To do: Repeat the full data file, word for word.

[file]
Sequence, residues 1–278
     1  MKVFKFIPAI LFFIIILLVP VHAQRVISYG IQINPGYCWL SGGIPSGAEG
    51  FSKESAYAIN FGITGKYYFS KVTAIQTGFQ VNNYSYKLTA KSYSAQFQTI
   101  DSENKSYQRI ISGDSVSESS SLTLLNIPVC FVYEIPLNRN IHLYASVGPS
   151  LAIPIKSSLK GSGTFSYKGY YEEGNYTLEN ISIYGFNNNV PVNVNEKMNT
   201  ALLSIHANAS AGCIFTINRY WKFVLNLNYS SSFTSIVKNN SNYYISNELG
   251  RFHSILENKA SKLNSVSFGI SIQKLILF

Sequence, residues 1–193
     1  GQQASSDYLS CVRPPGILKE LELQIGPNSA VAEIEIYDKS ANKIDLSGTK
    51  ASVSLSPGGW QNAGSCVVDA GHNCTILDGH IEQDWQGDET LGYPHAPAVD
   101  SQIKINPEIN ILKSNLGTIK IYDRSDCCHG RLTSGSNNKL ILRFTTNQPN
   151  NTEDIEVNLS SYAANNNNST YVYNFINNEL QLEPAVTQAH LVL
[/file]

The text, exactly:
Sequence, residues 1–278
     1  MKVFKFIPAI LFFIIILLVP VHAQRVISYG IQINPGYCWL SGGIPSGAEG
    51  FSKESAYAIN FGITGKYYFS KVTAIQTGFQ VNNYSYKLTA KSYSAQFQTI
   101  DSENKSYQRI ISGDSVSESS SLTLLNIPVC FVYEIPLNRN IHLYASVGPS
   151  LAIPIKSSLK GSGTFSYKGY YEEGNYTLEN ISIYGFNNNV PVNVNEKMNT
   201  ALLSIHANAS AGCIFTINRY WKFVLNLNYS SSFTSIVKNN SNYYISNELG
   251  RFHSILENKA SKLNSVSFGI SIQKLILF

Sequence, residues 1–193
     1  GQQASSDYLS CVRPPGILKE LELQIGPNSA VAEIEIYDKS ANKIDLSGTK
    51  ASVSLSPGGW QNAGSCVVDA GHNCTILDGH IEQDWQGDET LGYPHAPAVD
   101  SQIKINPEIN ILKSNLGTIK IYDRSDCCHG RLTSGSNNKL ILRFTTNQPN
   151  NTEDIEVNLS SYAANNNNST YVYNFINNEL QLEPAVTQAH LVL